The primary meaning of advent is "arrival," from the root advenire, "to come to"; in French, avenir, meaning "future." Like the word "adventure," which shares the same root, "advent" denotes a susceptibility to happenings whose unpredictability exceeds contingency: happenings that are "advenient," that is to say, additional, superadded, motivated rather than merely causal, but motivated by some force that is independent of the person (or era) to whom the arrival occurs.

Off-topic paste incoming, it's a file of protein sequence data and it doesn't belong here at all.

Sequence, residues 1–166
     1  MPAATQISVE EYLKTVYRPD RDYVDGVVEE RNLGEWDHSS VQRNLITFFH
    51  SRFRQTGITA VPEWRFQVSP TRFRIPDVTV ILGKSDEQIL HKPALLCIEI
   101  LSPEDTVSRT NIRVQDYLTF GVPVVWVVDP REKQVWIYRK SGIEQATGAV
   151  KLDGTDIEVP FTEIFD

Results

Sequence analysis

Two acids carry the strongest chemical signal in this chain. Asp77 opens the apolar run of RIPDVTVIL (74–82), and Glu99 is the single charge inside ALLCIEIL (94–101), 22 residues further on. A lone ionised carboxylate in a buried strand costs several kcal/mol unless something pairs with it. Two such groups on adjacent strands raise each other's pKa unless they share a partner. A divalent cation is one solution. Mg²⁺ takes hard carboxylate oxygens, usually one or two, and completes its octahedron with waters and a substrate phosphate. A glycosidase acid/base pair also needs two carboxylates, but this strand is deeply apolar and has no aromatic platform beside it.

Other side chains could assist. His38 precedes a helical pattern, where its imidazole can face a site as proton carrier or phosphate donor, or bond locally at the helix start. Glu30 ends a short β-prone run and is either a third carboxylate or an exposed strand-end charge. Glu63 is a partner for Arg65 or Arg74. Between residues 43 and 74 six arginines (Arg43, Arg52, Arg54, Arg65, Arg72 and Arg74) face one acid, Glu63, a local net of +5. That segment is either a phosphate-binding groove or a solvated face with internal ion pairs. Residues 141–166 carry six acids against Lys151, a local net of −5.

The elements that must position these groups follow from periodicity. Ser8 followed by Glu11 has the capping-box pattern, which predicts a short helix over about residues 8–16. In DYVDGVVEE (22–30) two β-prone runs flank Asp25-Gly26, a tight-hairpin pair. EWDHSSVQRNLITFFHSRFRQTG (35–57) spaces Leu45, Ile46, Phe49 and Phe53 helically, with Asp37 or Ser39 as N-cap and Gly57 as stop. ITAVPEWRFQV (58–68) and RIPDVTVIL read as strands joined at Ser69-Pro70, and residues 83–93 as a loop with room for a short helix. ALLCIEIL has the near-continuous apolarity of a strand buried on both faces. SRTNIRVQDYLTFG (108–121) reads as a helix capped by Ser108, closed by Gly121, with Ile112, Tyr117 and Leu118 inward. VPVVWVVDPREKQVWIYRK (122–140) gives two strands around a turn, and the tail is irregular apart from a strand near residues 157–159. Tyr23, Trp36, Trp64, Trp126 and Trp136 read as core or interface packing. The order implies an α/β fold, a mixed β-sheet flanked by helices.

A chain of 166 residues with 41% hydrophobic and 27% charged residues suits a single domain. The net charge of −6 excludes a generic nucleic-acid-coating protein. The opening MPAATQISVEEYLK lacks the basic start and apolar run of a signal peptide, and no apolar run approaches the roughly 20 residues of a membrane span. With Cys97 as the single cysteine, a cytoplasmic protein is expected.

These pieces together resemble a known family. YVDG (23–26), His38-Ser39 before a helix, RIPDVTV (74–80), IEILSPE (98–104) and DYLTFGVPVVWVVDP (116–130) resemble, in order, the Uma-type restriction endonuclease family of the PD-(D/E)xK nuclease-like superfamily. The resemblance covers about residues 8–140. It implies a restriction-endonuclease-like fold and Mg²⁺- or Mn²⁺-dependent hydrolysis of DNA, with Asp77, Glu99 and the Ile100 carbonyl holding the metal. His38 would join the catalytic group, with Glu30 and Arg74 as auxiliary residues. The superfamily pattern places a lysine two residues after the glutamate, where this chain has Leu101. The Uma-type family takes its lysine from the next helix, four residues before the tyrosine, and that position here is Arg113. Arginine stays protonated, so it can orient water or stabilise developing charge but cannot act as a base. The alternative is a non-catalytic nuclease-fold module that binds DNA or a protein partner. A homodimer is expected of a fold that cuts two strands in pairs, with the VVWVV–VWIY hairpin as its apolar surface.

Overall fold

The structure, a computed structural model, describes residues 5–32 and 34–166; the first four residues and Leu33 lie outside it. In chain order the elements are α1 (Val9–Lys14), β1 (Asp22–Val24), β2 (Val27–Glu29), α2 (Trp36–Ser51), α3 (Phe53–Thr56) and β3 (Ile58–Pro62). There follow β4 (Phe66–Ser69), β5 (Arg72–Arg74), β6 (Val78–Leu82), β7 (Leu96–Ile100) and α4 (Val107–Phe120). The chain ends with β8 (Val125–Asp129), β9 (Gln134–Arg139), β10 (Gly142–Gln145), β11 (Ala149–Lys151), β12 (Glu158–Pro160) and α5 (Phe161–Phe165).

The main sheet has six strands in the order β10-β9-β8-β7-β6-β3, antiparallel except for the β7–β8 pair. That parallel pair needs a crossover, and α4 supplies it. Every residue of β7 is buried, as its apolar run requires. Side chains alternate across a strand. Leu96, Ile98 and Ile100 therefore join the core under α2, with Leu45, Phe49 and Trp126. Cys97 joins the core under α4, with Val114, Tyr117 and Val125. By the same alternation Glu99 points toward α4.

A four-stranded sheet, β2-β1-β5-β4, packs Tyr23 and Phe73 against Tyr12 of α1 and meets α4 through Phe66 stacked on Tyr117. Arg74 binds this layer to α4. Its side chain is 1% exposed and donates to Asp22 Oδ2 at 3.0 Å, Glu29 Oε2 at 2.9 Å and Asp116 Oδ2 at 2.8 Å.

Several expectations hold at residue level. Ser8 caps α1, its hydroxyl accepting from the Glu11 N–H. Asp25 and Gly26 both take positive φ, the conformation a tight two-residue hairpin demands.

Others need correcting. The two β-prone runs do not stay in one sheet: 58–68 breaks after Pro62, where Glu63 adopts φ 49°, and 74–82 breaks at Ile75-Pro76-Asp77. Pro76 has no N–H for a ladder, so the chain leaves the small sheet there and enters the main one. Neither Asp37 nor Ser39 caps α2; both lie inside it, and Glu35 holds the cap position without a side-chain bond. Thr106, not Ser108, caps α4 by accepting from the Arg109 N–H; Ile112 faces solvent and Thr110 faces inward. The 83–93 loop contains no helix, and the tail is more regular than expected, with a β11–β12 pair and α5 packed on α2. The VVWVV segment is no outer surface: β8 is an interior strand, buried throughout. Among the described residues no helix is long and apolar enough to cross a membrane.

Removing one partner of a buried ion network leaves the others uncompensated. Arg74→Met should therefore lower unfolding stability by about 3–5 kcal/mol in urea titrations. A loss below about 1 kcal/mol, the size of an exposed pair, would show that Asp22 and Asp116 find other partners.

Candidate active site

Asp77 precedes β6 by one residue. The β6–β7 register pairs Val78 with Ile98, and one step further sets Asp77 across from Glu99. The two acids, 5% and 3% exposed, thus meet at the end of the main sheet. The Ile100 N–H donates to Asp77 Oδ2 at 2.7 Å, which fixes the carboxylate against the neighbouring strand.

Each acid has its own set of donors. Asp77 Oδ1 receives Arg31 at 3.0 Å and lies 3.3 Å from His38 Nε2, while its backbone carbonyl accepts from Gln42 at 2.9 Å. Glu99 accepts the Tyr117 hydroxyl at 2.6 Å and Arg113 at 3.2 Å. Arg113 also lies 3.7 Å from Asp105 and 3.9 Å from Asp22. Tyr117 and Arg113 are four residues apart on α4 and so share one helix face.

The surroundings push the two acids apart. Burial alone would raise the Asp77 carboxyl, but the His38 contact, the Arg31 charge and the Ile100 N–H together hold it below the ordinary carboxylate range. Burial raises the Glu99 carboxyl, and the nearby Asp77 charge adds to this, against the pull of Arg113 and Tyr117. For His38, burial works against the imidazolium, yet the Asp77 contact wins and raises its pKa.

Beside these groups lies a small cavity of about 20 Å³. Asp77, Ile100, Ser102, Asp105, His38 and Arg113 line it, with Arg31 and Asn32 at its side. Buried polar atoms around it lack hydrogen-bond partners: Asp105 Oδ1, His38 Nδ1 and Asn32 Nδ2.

See, for example, Partridge, which derives advent from the verb "to advene" and the adjective "advenient," "whence advenience, whence advent, whence Advent."
Johnson argues that in the case of both the many benefices and the taking of the life of the guilty person, the advenient
circumstances do not just "surround" the moral object of the act, but rather enter into the moral object of the act.